By Paul Robicheau
Luke Spiller of the Struts: probably rock’s most commanding frontman since Freddie Mercury, Mick Jagger, and Steven Tyler in their prime.
Anyone who flatly laments “Rock is dead,” that today’s new bands don’t convey the magnetic power of rock ‘n’ roll in its 1970s heyday, needs to see the Struts.
“Welcome to the family,” singer Luke Spiller crowed at House of Blues on Tuesday after a roll call for people who had never seen the Struts, seen them before, and will see them again, prompting a hearty show of hands for all three categories.
What else should one expect in response to probably rock’s most commanding frontman since Freddie Mercury, Mick Jagger, and Steven Tyler in their prime. Spiller both sounds and looks quite a bit like Mercury. In addition to a physical resemblance, he flaunts the same kind of glammy outfits (some crafted by the Queen icon’s costume designer), and if Spiller doesn’t quite possess Mercury’s voice (who does?), he’s a highly charged singer with considerable range.
Yet it was Spiller’s intangible instincts that made the 30-year-old frontman such a charismatic force. Every cliché he flashed at House of Blues – bugged eyes and head tilts, hip sways and spins, overhead clapping and pointing to fans – seemed fresh and natural. And that kinetic energy helped the Struts transcend the purely derivative in a way that the Led Zeppelin-hounded young Greta Van Fleet hasn’t mustered. The three-quarters of a house ate it up. When Spiller pitted sides of the crowd against each other in a contest of cheers, he didn’t telegraph it with grand gestures or announcements. He just held a hand at waist level, subtly tilting it one way or the other, in perfect control of the dynamics with the crowd as well as with his band.
Ah yes, the rest of the English foursome. Guitarist Adam Slack, bassist Jed Elliott, and drummer Gethin Davies were simply solid and serviceable, and knew their roles, which included bequeathing most of the stage to Spiller. Slack and Elliott stuck close to sporadically used mic stands to the far sides, and each took brief spots to shine and creep toward center stage – usually during the few times when Spiller manned a keyboard next to the drum riser (again, a bit like Mercury). This isn’t a band built around a dynamic duo like Mercury and Brian May, Jagger and Keith Richards or Tyler and Joe Perry. And it doesn’t necessarily need to.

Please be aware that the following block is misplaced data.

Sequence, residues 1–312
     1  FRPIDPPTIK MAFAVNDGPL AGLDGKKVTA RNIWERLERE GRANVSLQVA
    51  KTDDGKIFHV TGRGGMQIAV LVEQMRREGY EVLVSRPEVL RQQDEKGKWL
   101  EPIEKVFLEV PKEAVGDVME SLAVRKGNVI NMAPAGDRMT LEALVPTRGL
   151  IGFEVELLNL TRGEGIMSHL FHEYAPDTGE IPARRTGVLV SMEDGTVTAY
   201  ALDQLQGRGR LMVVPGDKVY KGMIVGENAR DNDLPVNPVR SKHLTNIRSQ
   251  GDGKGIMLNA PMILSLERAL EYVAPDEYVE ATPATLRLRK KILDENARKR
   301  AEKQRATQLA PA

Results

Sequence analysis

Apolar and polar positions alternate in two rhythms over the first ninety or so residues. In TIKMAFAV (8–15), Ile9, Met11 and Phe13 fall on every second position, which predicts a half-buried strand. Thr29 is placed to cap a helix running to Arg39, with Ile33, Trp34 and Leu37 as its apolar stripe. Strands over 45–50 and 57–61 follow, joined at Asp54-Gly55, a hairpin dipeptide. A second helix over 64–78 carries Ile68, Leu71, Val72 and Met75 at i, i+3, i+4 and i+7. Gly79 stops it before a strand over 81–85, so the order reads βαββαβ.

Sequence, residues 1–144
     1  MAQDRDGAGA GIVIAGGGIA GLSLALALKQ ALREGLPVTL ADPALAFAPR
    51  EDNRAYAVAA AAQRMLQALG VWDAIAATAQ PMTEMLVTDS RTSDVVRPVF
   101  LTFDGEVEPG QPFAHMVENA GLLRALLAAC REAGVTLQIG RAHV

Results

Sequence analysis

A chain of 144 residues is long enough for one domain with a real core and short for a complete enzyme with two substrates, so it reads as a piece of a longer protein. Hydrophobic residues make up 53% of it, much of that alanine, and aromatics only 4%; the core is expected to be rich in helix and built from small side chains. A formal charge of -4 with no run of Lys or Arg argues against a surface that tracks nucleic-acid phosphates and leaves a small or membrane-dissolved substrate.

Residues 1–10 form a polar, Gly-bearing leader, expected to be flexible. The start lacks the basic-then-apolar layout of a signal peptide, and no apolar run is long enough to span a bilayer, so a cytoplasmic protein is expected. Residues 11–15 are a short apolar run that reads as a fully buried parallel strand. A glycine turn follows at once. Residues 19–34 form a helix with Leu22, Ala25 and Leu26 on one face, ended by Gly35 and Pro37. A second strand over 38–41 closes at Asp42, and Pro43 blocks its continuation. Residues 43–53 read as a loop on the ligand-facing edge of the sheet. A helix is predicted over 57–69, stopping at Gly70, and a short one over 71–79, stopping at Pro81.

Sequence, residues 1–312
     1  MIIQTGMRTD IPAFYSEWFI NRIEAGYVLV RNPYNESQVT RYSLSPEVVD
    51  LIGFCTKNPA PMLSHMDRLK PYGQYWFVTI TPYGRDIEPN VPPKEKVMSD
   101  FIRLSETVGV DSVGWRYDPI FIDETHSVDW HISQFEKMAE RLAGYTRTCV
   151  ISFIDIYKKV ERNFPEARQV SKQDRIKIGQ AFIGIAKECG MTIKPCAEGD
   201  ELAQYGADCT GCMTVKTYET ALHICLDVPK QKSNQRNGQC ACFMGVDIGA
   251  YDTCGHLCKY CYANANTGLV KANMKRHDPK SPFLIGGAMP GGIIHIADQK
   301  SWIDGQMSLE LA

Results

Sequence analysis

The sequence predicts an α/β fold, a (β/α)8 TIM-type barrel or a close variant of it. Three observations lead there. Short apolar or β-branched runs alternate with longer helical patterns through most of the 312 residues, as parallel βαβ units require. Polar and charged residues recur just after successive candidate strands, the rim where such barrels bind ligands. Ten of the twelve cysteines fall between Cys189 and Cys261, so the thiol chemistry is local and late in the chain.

“Do you wanna be a primadonna with me tonight?” Spiller sang as he sashayed back and forth across the stage on Tuesday, setting up an anything-goes, larger-than-life confidence he was primed to share. Coming off their 2018 second album Young & Dangerous, The Struts frontloaded their 105-minute set with particularly catchy numbers like the hoot-laced “Body Talks” and “In Love with a Camera.” But apart from the tingling tryst tale “Dirty Sexy Money” and the anthemic charge “Fire,” the group’s full-bore, often-danceable glam-rock began to blur until Spiller began to break things up with showmanship tricks that included having fans get down to set up their spring back into jumping abandon. The singer also took time out to ride the band’s lowered groove and spin the tale of a woman in the industry who suggested he ditch the makeup, leading to his “bitch”-laced retort to set up “I Do It So Well” (of course Peter Wolf got away with the same derogatory word in his “Musta Got Lost” stage banter with the J. Geils Band back in the day, even if it sounds more inappropriate in today’s climate). A brief acoustic pairing of Slack and Spiller on “Mary Go Round” cued cellphones to light up the room like lighters did in the ’70s before the lyric “Summer’s here and the time is right” graced a bouncy cover of “Dancing in the Streets.” And the encore began with a solo Spiller at the keyboard, pouring himself into another song that stood out, the broken-hearted hesitance of “Somebody New.”
If not necessarily likely to compete in the commercial sphere with today’s pop and hip-hop acts, the Struts could still be that new rock band that goes farther than their British predecessors, Darkness. And with a supernova like Spiller, it’s hard to believe they won’t become big enough to reign in arenas. In the meantime, if you haven’t caught the Struts live, you have another chance on Sunday at the Casino Ballroom in Hampton Beach, N.H. They’ll shake the sand out of your skin.
Paul Robicheau served as the contributing editor for music in The Improper Bostonian in addition to writing and photography for The Boston Globe, Rolling Stone and other publications.